// Calculate the Percentage according to the logical value reached
        percentageValue = (_value / maxValue) * 100;

        // Tie our color mixer with the just created brush
        _Drawer.InterpolationColors = gradientBlender;

        // Now we ready to draw, so do the actual drawing
        e.Graphics.FillRectangle(_Drawer, 0, 0, drawingWidth, this.Height);

        // Prepare for Percentage writing only when required
        if(percentageDrawingMode != PercentageDrawingMode.None)
            string text=((int)percentageValue).ToString() + "%";

            // Calculate Percentage rectangle size
            SizeF textSize=e.Graphics.MeasureString(text,writingFont);

            if(percentageDrawingMode == PercentageDrawingMode.Movable)
                   (e.ClipRectangle.Height / 2 - textSize.Height / 2));
            else if(percentageDrawingMode == PercentageDrawingMode.Center)
                e.Graphics.DrawString(text, writingFont, writingBrush, 
                  new PointF((e.ClipRectangle.Width / 2 - textSize.Width / 2),
                  (e.ClipRectangle.Height / 2 - textSize.Height / 2)));

Mission accomplished

As we finish our custom user control, I have a few words to say:

This control doesn't inherit from the ProgressBar class (System.Window.Forms.ProressBar). Instead it's inherited from the Control class (System.Windows.Forms.Control). That's why there is no override for Paint or Maximum (or any other members that originally exist in the ProgressBar control) in it. And if you feel uncomfortable with the source code, then you have to look for an entire article about creating custom controls (inheriting from System.Windows.Forms.Control or System.ComponentModel.Component) or some related thing (there are some good articles in CodeProject about this subject, search and read some of them).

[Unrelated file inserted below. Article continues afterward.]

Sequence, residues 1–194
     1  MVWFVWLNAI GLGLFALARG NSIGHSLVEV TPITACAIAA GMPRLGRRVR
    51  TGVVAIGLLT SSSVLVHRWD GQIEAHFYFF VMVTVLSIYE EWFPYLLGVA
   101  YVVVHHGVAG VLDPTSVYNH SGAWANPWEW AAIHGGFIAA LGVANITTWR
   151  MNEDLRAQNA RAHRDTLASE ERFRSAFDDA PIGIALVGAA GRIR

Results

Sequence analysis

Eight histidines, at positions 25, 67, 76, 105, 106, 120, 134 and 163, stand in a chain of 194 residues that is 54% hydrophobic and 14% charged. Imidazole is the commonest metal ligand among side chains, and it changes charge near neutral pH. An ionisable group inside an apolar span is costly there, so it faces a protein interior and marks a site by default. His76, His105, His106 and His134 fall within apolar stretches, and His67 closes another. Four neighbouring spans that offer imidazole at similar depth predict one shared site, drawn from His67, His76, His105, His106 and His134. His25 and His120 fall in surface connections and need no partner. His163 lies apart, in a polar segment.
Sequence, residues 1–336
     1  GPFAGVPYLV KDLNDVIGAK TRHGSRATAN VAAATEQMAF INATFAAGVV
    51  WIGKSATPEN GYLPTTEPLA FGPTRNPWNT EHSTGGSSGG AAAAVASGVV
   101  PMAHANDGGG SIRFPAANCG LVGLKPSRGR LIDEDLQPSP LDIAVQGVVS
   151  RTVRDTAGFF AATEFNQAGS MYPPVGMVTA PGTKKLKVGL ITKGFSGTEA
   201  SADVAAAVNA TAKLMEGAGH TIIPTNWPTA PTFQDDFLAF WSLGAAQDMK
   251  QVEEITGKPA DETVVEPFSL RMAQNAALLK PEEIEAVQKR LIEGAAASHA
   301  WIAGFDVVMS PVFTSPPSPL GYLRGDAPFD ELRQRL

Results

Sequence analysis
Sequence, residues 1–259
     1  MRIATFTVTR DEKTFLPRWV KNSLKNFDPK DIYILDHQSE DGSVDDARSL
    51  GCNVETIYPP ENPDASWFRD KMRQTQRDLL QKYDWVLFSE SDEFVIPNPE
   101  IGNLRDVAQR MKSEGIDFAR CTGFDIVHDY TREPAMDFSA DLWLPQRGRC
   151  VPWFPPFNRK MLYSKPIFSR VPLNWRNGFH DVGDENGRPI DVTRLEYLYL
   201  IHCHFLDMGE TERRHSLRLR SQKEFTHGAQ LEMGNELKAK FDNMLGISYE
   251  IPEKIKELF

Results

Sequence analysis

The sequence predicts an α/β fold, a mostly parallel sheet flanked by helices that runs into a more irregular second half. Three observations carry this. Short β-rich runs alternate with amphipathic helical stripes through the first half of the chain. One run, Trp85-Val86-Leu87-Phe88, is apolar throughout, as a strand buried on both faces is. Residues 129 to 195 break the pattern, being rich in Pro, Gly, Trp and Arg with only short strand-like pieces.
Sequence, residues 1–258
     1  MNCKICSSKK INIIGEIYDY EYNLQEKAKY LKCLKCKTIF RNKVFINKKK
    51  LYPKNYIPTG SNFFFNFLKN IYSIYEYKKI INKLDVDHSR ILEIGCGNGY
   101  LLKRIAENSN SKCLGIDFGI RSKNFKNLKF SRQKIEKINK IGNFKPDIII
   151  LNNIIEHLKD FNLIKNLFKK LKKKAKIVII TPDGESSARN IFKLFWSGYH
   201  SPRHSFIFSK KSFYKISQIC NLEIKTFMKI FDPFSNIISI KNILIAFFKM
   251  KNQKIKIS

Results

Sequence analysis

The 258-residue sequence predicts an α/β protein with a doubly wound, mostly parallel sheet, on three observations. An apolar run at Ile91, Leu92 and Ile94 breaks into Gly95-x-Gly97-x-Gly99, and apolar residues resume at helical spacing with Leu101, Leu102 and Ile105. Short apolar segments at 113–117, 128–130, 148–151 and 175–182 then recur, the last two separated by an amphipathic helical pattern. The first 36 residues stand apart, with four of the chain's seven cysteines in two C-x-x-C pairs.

Points of Interest

The wise men said "don't reinvent the wheel" (I don't know who these men are, nor do I know if they said that or even if they ever existed) and I totally agree with them! What I am trying to say is this:

If you want a rectangular wheel, don't bother yourself reinventing it, just inherit the existing one and override its circular shape and that should be fine. But on the other hand, doing some (from-scratch) work with a user control is worth the bother and a good practice, so give it a try. And keep in mind that starting a control inherited from System.Windows.Forms.Control doesn't mean changing the usability of the control (how it must be used), it's just changing the functionality (how it must act or perform). I.e. even if you start on your own risk a from-scratch user control that is to look like or act like an existing control, change the way it works but don't change the way it is used.

That’s it, thanks for reading this article, and if you find it useful, please give your feedback.

Enjoy! Smile | :)


This article has no explicit license attached to it but may contain usage terms in the article text or the download files themselves. If in doubt please contact the author via the discussion board below.

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About the Author

Noor Abuhamdeh
Team Leader
Jordan Jordan
Working as a Technical Team Leader in a software solutions company in Jordan, interested in .net technology, C++

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Comments and Discussions

QuestionCan we use this in a commercial project Pin
suis16-Oct-08 5:43
membersuis16-Oct-08 5:43 
AnswerRe: Can we use this in a commercial project Pin
Noor Abuhamdeh16-Oct-08 16:51
memberNoor Abuhamdeh16-Oct-08 16:51 
Questionpaint on the progress bar Pin
xoerk10-Nov-07 22:17
memberxoerk10-Nov-07 22:17 
AnswerRe: paint on the progress bar Pin
Noor Abuhamdeh12-Nov-07 20:18
memberNoor Abuhamdeh12-Nov-07 20:18 
Generalbackground transparancy Pin
galiptopcu24-Jan-07 6:27
membergaliptopcu24-Jan-07 6:27 
Generalmultiple bars on a form Pin
Larry Allen15-Sep-06 6:52
memberLarry Allen15-Sep-06 6:52 
Newsre: ProgressBar Pin
ljscottiii16-Sep-05 5:45
memberljscottiii16-Sep-05 5:45